DFSS is sometimes regarded as being too complicated, and certainly more complex than DMAIC. I think the converse is generally true. DFSS principles are often more intuitive than DMAIC.
Recently, I went to one of the mass‐market optical stores to buy a pair of reading glasses. As you may know, reading glasses come at various standard "power" levels, such as +1.0, or +2.5, with the strength of magnification increasing along with the number. Looking at the rack of glasses, I was confronted by the situation depicted below:
The power rating was printed in small white text with poor resolution against a light green background. When I held the glasses far enough away to try and read the text, the text was to small and faint to read. I was amused that I was unable to buy reading glasses unless I already had reading glasses.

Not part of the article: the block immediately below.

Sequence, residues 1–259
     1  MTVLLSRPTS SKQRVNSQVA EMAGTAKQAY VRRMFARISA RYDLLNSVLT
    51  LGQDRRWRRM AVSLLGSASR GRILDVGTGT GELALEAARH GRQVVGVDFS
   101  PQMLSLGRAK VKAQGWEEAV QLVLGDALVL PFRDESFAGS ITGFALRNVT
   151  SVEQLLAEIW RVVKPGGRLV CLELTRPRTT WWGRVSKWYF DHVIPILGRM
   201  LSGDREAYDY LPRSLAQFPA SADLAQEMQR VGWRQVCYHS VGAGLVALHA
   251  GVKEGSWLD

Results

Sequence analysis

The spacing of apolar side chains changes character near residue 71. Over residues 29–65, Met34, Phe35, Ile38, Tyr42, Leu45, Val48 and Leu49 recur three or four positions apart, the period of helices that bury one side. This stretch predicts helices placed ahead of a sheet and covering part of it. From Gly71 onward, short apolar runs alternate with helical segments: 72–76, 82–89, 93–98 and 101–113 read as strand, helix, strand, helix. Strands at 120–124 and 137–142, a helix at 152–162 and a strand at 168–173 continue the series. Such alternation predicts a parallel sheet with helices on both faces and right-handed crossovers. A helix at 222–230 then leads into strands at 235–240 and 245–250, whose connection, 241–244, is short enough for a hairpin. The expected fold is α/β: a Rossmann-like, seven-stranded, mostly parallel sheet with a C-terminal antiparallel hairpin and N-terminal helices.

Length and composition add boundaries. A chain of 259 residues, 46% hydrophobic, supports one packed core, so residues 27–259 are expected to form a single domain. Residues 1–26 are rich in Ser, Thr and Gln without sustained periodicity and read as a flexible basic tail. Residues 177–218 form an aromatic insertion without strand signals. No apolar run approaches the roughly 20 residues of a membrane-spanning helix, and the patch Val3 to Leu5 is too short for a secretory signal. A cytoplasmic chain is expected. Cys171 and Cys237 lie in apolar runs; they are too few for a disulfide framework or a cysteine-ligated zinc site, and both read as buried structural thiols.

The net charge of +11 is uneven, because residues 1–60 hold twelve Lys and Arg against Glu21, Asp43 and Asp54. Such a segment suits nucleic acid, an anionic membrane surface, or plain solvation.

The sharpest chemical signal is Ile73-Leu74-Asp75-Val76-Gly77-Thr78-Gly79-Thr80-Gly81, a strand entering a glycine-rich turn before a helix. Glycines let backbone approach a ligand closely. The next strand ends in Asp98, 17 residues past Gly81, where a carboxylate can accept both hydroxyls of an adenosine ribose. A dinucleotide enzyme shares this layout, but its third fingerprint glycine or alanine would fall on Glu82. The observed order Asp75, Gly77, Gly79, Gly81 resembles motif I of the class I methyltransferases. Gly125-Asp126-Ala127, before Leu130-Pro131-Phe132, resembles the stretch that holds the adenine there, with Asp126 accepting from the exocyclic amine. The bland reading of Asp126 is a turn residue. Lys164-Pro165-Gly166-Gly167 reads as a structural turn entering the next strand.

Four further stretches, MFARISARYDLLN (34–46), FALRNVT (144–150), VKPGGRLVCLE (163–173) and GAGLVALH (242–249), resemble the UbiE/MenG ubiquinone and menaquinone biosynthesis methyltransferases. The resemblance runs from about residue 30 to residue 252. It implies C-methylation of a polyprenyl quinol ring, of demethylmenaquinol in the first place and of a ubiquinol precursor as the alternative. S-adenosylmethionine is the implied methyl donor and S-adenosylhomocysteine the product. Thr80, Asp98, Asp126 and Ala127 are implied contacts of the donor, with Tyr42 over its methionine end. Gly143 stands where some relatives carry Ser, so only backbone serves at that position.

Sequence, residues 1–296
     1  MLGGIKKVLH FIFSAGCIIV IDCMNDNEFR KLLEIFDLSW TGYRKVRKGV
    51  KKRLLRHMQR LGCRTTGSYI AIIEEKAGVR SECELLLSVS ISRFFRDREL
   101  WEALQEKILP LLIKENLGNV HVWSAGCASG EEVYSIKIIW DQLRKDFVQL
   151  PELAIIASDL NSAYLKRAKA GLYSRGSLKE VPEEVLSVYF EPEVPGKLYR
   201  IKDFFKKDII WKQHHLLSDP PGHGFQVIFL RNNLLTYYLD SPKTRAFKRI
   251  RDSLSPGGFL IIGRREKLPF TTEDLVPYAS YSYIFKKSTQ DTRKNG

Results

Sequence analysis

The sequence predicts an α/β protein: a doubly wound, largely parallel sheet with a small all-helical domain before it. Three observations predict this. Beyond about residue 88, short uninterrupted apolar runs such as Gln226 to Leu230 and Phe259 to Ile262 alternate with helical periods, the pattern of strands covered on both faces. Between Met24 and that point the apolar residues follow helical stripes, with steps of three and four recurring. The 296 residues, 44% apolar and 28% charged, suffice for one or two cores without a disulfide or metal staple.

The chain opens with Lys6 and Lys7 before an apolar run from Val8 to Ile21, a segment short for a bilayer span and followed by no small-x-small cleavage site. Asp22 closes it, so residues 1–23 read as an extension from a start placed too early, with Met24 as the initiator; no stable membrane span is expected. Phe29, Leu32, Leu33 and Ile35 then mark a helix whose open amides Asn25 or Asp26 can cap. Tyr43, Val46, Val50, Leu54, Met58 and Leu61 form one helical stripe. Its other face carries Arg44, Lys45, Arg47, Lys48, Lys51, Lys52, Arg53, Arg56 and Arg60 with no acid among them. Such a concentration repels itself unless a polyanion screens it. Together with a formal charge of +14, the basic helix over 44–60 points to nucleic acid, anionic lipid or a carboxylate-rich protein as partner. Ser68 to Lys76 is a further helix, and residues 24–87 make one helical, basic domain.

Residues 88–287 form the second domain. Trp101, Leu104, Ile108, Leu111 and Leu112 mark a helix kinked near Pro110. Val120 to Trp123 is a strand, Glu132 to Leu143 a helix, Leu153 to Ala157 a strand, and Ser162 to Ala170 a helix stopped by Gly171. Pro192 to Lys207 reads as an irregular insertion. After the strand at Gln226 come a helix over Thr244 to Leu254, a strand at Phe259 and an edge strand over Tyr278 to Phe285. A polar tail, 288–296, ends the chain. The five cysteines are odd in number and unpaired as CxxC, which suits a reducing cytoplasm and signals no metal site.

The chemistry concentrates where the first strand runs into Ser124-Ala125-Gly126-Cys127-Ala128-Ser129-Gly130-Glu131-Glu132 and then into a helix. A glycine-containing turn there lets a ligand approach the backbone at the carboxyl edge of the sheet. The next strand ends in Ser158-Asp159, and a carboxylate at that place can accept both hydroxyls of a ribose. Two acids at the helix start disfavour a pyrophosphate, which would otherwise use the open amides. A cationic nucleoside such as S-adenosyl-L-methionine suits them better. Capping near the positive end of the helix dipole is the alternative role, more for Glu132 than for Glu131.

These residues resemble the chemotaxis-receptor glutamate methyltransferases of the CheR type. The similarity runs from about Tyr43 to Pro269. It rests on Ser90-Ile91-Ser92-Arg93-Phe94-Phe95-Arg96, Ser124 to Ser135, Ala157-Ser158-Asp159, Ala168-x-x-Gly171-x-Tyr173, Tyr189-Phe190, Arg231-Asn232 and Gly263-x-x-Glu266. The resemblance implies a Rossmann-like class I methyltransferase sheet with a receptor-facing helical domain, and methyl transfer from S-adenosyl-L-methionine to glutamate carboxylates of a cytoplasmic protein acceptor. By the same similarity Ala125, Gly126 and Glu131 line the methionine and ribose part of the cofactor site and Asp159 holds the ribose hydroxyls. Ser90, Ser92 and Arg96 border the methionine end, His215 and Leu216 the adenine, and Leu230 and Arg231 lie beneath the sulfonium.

Let's assume for a moment that the reason someone buys glasses is because they CAN'T READ. Armed with this insightful VOC, I might propose a simple modification to the label system that I experienced — something more like this:
Sometimes good design is just a matter of attention to customers' requirements and some common sense.